The “Cumulative” Exercise
One exercise I taught and used frequently I initially learned from students, who had learned it from a previous teacher. I later found that virtually every choir director or singer who used Solfège knew/used this exercise. I never learned what it is called although I used it for years. I am calling it the cumulative exercise here.
The cumulative exercise in major
The cumulative exercise is a good general warm-up and good for developing facility and fluency with the syllables. In my experience students who had learned this exercise took delight in singing it on their own, as well and enjoyed trying to sing it as fast as possible! One variation another choir director introduced me to is sing it eliminating one syllable, inserting an eighth rest in its place – for instance, sing it leaving out mi. This variation was sure to result in laughter from young singers, every time: a very good thing.
I used this exercise regularly but with one extrapolation/modification. In my experience I have observed school music teachers in general, when teaching scales or exercises, to concentrate primarily (or even exclusively) on the major scale, largely ignoring minor scales altogether. I have never heard of (competent) private teachers doing this – it seems to be a school music teacher phenomenon. I believe it comes from the competition-focused climate that (for the most part) instrumental music teachers function in. For instance, the local regional honors band and orchestra auditions (mid-state and all-state) only require students to play major scales, so for the most part, school music teachers do not teach minor scales – at least those I have met, observed, or spoken to about this. It’s basically an example of “teaching to the test”.
However, so much of the repertoire is in minor keys, and it is the other side – the shadow and complement of major – of our entire tonal system. Since music literacy was always my goal as a teacher and I taught the Solfège method (movable do with la-based minor) that is based on major-minor relativity, I always tried to give both major and minor equal emphasis in my program. So, we sang the cumulative exercise in natural minor as well, every time we sang it.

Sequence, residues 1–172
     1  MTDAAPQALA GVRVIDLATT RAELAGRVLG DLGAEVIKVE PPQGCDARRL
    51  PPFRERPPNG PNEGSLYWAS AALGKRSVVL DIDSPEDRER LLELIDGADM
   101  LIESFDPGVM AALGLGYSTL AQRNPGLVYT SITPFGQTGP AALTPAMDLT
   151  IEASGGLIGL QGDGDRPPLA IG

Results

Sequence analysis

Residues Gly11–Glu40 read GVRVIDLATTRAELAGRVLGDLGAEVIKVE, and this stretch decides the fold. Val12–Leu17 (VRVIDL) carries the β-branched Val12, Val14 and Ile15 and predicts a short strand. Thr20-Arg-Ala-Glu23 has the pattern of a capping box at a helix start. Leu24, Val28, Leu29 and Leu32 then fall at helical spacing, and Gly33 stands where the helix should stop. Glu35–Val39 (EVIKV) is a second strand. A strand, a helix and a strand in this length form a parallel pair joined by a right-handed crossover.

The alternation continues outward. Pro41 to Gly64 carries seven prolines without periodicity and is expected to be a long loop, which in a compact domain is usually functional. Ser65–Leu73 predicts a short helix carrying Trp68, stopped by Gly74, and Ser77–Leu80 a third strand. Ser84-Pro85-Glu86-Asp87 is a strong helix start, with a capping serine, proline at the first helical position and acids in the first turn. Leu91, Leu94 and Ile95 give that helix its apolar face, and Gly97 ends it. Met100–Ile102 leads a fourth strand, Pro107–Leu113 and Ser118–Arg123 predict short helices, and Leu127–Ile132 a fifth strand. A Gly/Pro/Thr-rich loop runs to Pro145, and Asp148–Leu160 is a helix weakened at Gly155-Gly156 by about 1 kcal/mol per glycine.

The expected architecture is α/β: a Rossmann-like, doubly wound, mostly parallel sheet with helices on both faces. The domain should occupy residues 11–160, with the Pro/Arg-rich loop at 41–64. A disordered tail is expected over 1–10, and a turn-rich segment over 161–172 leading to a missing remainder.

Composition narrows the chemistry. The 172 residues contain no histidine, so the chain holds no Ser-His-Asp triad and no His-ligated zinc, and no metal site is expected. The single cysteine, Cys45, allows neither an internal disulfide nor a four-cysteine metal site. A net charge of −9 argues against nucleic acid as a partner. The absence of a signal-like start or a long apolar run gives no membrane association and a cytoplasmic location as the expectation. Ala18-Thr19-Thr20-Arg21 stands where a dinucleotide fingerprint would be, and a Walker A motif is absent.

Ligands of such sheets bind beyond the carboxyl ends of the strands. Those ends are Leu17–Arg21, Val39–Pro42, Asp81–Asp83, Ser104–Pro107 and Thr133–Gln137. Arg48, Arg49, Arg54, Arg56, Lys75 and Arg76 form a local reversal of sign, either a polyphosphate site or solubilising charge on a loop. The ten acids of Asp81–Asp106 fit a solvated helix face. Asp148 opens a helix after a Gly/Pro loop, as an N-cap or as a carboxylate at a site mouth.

The cumulative exercise in minor
Once students had mastered the cumulative exercise in both major and minor – and for some reason descending natural minor in this exercise presented a greater challenge to a lot of us – we would also combine both together to add harmony to the exercise. For example, in a SATB mixed choir, the tenors and basses could sing the major while the sopranos and altos sang the minor, resulting in parallel harmony at the sixth:
Two-part cumulative exercise with parallel harmony at the sixth
After working on this for a bit we could then swap parts and sing it at the tenth – sopranos and altos singing Major and tenors and basses singing minor. Of course, other variations are possible and any choir director is always on the look-out for ways to keep warmups interesting! – so new ways to keep this sort of exercise fresh may occur on the spur of the moment to those who seek…
Another exercise I used frequently was invented by my friend and mentor Michael Graham.
Section the choir into three groups and assign each one a part. We would sing this through three times, each time starting a half step higher – until each section had sang each part. This exercise subtly teaches/reinforces understanding of relative and parallel key relationships as well as major and minor triads, is a great warm up and …students would regularly beg to sing it.
In Part 5: Solfège with Amadeus, we will conclude with some anecdotes about singing Mozart’s Requiem on Solfège syllables, and some unexpected things we learned from doing this.
Walter Bitner is a multi-instrumentalist, singer, conductor, and master teacher, and serves as director of education & community engagement at the Nashville Symphony. He writes about music and education on his blog Off the Podium at walterbitner.com.